Window Seat for under $400
How To Directions ~ Easy to make!
We have a 24″ x 90″ bump out in our kitchen aka wasted space. I am a firm believer that builders do crazy nonsense like that because they don’t have to live in the houses they build, and as a result, many of their designs are not thought out very well. Add cheap to the mix, and well, you get a random 24″ x 90″ bump out under a window.
I like to think that this stuff happens just to see how creative the rest of us can get with these spaces. I have always loved window seats, and this area seemed to cry out for one. I didn’t want to spend a lot of money, and I wanted to be able to remove said seat if I got tired of it. I also did not want to saw boards, miter corners, build a frame, sew cushions, or build cabinets~ but I wanted it to look like it was built in. Not asking too much – right?
I had Home Depot and Ikea do the heavy lifting for me. I went to Home Depot and purchased a 4′ x 8′ x 3/4″ white melamine board for about $35. I had them cut the board into the sizes I needed. (they do that for free when you buy the board) 4 boards at 23″ x 45″ for the base and 2 boards at 1.5″ x 45″ for the kick plate. I stacked the 4 large boards on top of each other to make the base. Note: if you skip this step, you will probably have trouble opening your cabinet doors! There is a reason cabinets are built slightly off the ground. The good news is that your base pieces (as well as everything else included in this tutorial if you have it cut at the hardware store as suggested) will fit in most normal sized cars, meaning you don’t need a Hummer, or even a truck or SUV for this project 🙂
I used my favorite little battery operated black and decker hex drill/screwdriver to put pilot holes into the base and kick plate boards. I attached the kick plate boards to the boards I was using as a base with screws. Note: a post it note does a great job of catching drill shavings.
The Kick Plate
Voila! You have a simple base!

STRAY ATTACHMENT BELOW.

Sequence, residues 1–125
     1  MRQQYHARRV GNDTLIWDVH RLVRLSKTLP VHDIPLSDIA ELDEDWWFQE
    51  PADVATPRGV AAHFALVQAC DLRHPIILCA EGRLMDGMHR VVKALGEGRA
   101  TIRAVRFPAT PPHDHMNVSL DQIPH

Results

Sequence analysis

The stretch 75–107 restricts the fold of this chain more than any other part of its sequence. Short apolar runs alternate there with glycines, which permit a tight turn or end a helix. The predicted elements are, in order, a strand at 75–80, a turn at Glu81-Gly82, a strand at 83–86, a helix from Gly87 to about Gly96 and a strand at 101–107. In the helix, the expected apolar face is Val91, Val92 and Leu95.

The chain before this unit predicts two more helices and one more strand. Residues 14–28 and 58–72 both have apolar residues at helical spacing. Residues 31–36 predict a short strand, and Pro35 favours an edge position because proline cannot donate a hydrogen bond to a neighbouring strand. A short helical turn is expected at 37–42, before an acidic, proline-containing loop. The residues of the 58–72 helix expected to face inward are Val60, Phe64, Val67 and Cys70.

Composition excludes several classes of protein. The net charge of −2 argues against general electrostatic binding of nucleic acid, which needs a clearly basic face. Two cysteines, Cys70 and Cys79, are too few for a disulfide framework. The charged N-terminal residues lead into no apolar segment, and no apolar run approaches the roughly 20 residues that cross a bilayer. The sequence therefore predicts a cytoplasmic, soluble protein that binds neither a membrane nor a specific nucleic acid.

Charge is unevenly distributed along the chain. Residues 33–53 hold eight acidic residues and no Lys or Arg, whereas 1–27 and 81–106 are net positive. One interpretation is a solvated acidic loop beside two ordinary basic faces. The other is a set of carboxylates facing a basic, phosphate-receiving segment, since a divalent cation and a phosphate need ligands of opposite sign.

This is where the project got a little pricier than I would have liked, but I was ok with that, as I really had no desire to build cabinets from scratch or to even learn how to build cabinets. I went to Ikea and purchased Akurum over the fridge wall cabinets. I used 3 cabinets that ran $60 each. These are 24″ deep, 30″ long, and 15″ high with harlig white doors. The dimensions were fairly true to size, and they fit my 24″ x 90″ space like a glove. The directions were simple and straight forward. The finished product is very sturdy.
Note: They have other sizes, other style doors, and other colors too. Changing your choice may change the price. You may be able to find similar cabinets at hardware stores that sell ready made cabinets.
The hardest part of this was convincing the salesclerk that I did not need, or need to pay for, the 3 wall hanging brackets (at $10 each) as I had no intention of mounting the cabinets on the wall. She insisted I buy the brackets because I HAD to use them or the warranty would be no good. I finally had to explain to her what I was doing so she would take the brackets off the bill. She actually called over a manager to get approval to sell me wall cabinets without the brackets. Then, while re-ringing me up, she told me that my project would never work because they would have to sit on the floor and wouldn’t open. She smiled and told me she would be happy to help me when I returned the cabinets when they didn’t work out. By then, I didn’t even feel like explaining, I just wanted my cabinets and to get back to my project. I am only sharing this because I don’t want you to spend the extra money either.